Here are some of the top insights and tips Lamp’l shared.

• Why use raised garden beds? A raised garden bed can help facilitate the ideal growing environment, as most people don’t have that perfect soil naturally in their yard. Their accessibility makes them easier to work in and maintain. Plus, they’re a nice architectural design element in any landscape.

• What’s the ideal size? The main rule of the thumb applies to width. The bed should be no wider than 4 feet, as you never want to compact the soil when working. Length however, is based on personal preference and needs. As far as height is concerned, you want the roots to be able to grow out and down as much as possible — 6-inches at minimum. While 12-inches is common, anything higher is a bonus.

• What materials work best? Treated lumber is the most readily available and economical material and will likely last the longest, however, being an organic gardener Lamp’l prefers untreated hardwood, as it lasts almost as long and doesn’t contain chemicals. Other materials you have around the home and yard, such as rocks, old tubs, etc., can work too.

• Where’s the best location? Build your raised garden bed on level ground, in full sun exposure near a water supply.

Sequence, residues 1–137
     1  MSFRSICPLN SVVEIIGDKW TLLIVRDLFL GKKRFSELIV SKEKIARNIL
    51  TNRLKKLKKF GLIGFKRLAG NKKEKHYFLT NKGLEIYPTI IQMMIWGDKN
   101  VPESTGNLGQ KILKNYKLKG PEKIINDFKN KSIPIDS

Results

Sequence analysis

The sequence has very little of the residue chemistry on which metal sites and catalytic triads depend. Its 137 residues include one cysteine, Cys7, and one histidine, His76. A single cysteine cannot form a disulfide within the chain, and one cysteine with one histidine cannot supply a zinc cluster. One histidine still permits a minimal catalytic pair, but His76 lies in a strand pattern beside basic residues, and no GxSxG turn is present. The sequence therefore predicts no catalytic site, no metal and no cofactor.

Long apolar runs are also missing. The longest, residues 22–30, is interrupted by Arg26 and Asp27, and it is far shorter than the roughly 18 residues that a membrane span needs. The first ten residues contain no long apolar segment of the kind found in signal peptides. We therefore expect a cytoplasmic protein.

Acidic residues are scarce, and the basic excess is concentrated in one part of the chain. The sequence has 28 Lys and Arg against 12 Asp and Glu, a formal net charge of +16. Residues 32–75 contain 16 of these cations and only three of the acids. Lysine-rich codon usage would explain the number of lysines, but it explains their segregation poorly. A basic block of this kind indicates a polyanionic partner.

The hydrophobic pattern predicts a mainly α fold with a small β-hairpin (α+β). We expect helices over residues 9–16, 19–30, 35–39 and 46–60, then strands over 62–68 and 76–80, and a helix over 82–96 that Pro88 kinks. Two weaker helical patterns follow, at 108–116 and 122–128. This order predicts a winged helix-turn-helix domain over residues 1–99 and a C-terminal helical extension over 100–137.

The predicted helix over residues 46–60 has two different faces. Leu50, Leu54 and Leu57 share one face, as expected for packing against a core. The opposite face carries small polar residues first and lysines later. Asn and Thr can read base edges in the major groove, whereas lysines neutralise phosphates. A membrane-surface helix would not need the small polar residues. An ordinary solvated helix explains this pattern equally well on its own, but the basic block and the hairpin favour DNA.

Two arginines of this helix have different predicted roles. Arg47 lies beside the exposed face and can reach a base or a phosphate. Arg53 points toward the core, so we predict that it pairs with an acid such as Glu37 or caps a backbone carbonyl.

DIY Instructions:
To build a 10-foot x 4-foot x 18-inch raised bed, you’ll need:

• Nine 6-inch x 6-inch x 12-foot cedar timbers
• Tape measure, t-square and marking pencil
• A saw and extension cord
• One box of 10-inch heavy-duty exterior wood screws
• Ten 24-inch x 1/2-inch rebar stakes
• Twenty 10-inch galvanized timber spikes
• Sledgehammer
• Impact drill and long drill bit
• Level
• Hammer
• Shovels
• Hardware cloth, wire cutters and fence staples
• Work gloves, safety glasses and ear plugs
• Wheelbarrow (to transport soil)

1. Begin by cutting six, 6 x 6 timbers, each measuring 10-feet 6-inches in length. And six, 6 x 6 timbers, each measuring 4-feet 6-inches in length. Drill rebar holes in each timber.

2. Once the first layer of bed has been placed, leveled and squared in your desired location, fasten the corners using 10-inch wood screws. Secure the entire layer to the ground with 10 pieces of rebar.

3. Place the second layer of timbers, staggering the corners and fastening them with wood screws. Secure this layer to the first with ten 10-inch galvanized spikes.

4. Install galvanized cloth to prevent burrowing pests from eating earthworms and destroying plants.

5. Place the third layer of timbers (following above directions.)

6. Fill with soil and plants.

For more tips and complete build instructions, check out “How to Build Raised Garden Beds” by visiting Exmark.com/backyard. Exmark’s Backyard Life is part of a unique multimedia destination with a focus on helping homeowners make the most of their backyard. There you can also access other series, including “Prime Cuts” and “Dream Yards.”

For an amazing crop this season, take a cue from the professionals and build a raised garden bed for best results.